What is the smallest voltage I can measure?
My first project as an engineer was to measure the settling time of what was going to be a 6½ digit DMM. It didn’t seem like a big deal, I just had to figure out the final settled value and work my way backward to the smallest detectable change. I got everything set up, shorted the inputs, and started increasing the aperture time.i As expected, the noise would come down … until it didn’t. The baseline just kept moving. I had eliminated extrinsic noise sources, thermal EMF, and even drafts from the ac vents. These random fluctuations were coming from the intrinsic noise of the circuit. But after eliminating most of the broadband noise, there was this other noise that would not go away. Anyone who has tried this would have noticed the same limitation. To the contrary, we may find more noise than if we had stopped sooner! We know that we are in the 1/f noise region when that happens.
This so-called 1/f noise (or flicker noise) is the most pervasive limitation for precision measurements. The name comes from the fact that its power spectral density is inversely proportional to frequency, as expressed by:
Where k is a magnitude coefficient and α is an exponent that will take values greater than 0, but the canonical form is for α = 1. This noise eventually becomes smaller than broadband noise, producing a corner as shown in Figure 1. Evidence of this type of noise has been found outside of electronic circuits, including the rotation of the Earth, economic indicators, and biological systems, to name a few. While the fundamental cause keeps eluding the most brilliant scientists, we must understand how to mitigate it if we want to perform low level measurements.
Let’s start with off-the-shelf components. The highest sensitivity ADC you will find these days in an IC is AD7177-2, and that is 200 nV p-p at 5 SPS. But we can do better than that by adding some gain before the ADC. We need an amplifier that is both low noise and with a low 1/f corner. The easiest is to look up the 0.1 Hz to 10 Hz noise specification on the data sheet, which is equivalent to recording measurements for 10 seconds with 10 Hz bandwidth.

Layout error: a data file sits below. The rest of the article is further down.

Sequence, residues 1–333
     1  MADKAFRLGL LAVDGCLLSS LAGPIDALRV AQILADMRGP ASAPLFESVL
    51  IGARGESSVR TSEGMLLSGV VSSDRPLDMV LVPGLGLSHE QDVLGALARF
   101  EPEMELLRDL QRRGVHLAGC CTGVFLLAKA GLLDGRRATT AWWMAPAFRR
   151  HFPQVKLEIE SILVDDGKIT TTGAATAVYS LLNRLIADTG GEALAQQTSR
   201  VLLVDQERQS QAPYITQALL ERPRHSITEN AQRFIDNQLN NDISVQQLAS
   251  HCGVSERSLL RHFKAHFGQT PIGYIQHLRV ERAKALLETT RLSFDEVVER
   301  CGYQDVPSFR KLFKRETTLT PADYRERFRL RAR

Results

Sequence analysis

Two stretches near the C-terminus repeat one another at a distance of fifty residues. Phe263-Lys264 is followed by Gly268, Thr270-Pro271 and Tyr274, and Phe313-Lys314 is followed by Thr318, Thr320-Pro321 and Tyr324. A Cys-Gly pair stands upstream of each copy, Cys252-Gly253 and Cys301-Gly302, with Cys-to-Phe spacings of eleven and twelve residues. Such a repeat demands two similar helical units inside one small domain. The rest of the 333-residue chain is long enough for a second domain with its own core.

If you have been paying attention, you may have read about the AD797 op amp being used in the LIGO experiment to detect gravitational waves for the first time in human history. The AD797 has a noise specification of 50 nV p-p (8 nV rms) from 0.1 Hz to 10 Hz. The AD8428, the lowest noise instrumentation amplifier is only 40 nV p-p (7 nV rms). Because these amplifiers are built in bipolar processes, their current noise can be significant if used with large source resistance (including gain resistors), and current noise also has a 1/f corner! And don’t forget that resistors themselves can show current-dependent excess noise due to their construction. Metal foil and wirewound resistors tend to have the lowest noise indices.
A neat trick to avoid 1/f noise is to modulate the signal to a region where there is no 1/f noise and then demodulate it. This trick, known as chopper stabilization, has been used for decades to shift the 1/f noise to a different frequency band, where it can be easily filtered out. Zero-drift op amps like the ADA4528-1 and ADA4522-1 take advantage of this (and other tricks) to get about 100 nV p-p (16 nV rms) from 0.1 Hz to 10 Hz, mostly due to white noise. A simpler alternative is to parallel multiple amplifiers to reach lower noise levels, since this is equivalent to averaging uncorrelated noise sources.
The bottom line is that with off-the-shelf components, you can detect signals just below the 10 nV mark, and paralleling amplifiers will get you close to the 1 nV level. Anything below that will require special (and perhaps pricy) techniques. But no matter what you do, 1/f will always find a way to resurface.
So, what if we were to record several measurements for a really long time? Would 1/f noise make this an impossible task? Let us bring some perspective: if we had recorded the AD797 noise from the moment of the big bang until the time of reading this article,ii it would only be three times larger than if we had measured it for the last 10 seconds,iii so I wouldn’t lose any sleep over that.
i The aperture time in a DMM is the interval during which the signal gets integrated or averaged.
ii Assuming 4.32e17 seconds have passed since the Big Bang.
iii Hypothetically speaking, since there is no evidence 1/f follows this curve for that long. Aging and other factors start to play in at longer measurement intervals.
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